Thursday, November 13, 2008

Pasta with Parmigiano-Regianno

Following up yesterday's simple pasta dish comes one that is even simpler and quite as good in its own humble way. I used to make it regularly but had forgotten it over time as happens if one cooks for a long enough time.

Then I read Michael Ruhlman's article, The Fallacy of the Quick-and-Easy Cookbook. He isn't talking about what we might usually think of as quick-and-easy but excoriating those who publish cookbooks under the conceit that one might duplicate high cuisine with little effort in the home kitchen. Go read, but here's a little taste to whet your appetite ...
What I’m criticizing here is the conceit of this cookbook, and all others that claim to make refined cuisine simple for the home. It makes me crazy not because it’s fundamentally a lie, though that’s never a good thing, but rather because publishers don’t seem to recognize that it’s a lie, and they want to keep on telling it to us.

Can you imagine a book called The French Laundry Cookbook Made Simple? Such food would cease to be French Laundry food.

At the end he gives a recipe for one of the simplest of dishes that is truly delicious, provided one has good ingredients. I include it here not only to jog my memory occasionally but to make it available to Hannah and Rose as it is the perfect college student meal and can feed several people heartily.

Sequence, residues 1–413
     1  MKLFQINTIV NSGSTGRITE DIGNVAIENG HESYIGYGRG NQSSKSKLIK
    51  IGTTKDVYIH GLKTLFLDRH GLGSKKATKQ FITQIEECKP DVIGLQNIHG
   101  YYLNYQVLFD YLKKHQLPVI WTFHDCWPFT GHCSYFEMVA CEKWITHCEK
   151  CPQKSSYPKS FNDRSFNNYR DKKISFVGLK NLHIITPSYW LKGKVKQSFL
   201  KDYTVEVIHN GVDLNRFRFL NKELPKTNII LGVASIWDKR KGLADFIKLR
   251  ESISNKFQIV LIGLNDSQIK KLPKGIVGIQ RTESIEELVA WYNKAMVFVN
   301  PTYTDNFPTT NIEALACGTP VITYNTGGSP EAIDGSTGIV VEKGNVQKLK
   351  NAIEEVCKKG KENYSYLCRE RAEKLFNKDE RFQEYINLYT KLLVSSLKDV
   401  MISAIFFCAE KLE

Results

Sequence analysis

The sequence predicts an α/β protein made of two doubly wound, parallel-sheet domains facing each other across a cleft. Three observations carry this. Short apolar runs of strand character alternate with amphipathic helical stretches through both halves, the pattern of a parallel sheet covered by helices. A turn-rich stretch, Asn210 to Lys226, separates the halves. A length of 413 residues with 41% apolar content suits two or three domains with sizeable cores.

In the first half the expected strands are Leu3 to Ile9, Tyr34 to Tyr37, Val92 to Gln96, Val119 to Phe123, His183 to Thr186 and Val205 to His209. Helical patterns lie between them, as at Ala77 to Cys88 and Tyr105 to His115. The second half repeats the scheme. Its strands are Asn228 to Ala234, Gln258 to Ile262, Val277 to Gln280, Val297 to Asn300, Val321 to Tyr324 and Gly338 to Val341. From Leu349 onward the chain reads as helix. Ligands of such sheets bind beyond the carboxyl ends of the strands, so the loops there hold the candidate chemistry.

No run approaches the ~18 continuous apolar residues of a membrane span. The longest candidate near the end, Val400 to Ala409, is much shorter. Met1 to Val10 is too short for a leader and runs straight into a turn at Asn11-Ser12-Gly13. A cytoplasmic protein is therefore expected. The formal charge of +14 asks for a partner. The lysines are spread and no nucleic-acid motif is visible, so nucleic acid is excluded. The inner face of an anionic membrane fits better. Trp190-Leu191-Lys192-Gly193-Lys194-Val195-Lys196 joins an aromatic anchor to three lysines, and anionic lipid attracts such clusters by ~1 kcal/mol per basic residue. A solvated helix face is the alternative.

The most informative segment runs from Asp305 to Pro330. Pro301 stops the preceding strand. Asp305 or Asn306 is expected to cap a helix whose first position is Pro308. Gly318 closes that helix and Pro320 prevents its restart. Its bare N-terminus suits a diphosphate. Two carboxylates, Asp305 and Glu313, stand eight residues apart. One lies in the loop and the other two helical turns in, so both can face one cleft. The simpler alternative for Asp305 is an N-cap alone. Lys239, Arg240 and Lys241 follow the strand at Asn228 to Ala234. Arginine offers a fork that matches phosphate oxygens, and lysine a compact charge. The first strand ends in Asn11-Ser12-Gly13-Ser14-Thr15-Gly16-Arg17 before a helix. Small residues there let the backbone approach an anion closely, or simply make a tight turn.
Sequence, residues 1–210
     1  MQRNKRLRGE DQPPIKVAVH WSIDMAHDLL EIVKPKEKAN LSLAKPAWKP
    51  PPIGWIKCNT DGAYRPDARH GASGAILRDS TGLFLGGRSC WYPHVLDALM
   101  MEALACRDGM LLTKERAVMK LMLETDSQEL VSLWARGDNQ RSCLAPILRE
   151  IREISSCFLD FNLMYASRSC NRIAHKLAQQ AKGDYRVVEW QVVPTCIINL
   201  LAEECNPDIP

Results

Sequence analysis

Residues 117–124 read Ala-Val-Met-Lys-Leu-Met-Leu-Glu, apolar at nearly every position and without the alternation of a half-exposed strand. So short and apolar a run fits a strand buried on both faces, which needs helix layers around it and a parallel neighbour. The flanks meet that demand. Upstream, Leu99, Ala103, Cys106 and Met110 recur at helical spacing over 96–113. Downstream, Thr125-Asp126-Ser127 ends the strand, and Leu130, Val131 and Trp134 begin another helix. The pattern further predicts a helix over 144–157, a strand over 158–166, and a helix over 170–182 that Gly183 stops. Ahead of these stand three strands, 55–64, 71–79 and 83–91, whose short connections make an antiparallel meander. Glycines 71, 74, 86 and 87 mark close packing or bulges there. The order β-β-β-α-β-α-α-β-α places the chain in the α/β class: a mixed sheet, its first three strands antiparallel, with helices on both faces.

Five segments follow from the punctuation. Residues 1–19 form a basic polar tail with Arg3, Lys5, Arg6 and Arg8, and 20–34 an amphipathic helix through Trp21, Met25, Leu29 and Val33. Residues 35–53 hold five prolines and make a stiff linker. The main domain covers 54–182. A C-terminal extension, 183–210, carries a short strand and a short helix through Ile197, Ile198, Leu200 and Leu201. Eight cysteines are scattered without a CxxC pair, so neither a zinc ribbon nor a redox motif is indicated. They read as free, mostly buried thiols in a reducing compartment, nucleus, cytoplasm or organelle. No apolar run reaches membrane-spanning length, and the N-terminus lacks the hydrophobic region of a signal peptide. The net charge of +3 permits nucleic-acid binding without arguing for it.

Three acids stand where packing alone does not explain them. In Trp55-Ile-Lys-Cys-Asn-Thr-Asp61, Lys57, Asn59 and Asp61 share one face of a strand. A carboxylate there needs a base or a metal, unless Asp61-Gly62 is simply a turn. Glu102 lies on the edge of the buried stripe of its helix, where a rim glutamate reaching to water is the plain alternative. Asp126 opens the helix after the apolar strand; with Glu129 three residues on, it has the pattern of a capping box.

It is simple, fairly economical, and can be either enjoyed as a main dish with salad or as a side dish accompanying a straight forward meat dish such as grilled chicken.

Pasta with Parmigiano-Regianno

Kosher salt as needed
1 pound dried pasta
4 ounces/1 stick of butter cut into four pieces (I used 1/2 stick butter which was plenty)
1 cup coarsely and freshly grated, excellent Parmigiano-Regianno

Bring a large pot of salted water to a boil (salted, meaning that it tastes nicely seasoned). Place a large oven proof bowl in your oven and turn the oven to 200 degrees F. Drop the pasta in the water and cook it just until it’s tender, then drain it. Remove the bowl from the oven and toss the butter and pasta in the bowl until the butter is melted and the pasta is evenly coated with the butter. Taste the pasta. If it needs more salt, add it now (remember that the cheese you’re about to add is salty). Divide the pasta among four to six bowls and sprinkle each with the Regianno. Serve with a delicious red wine.

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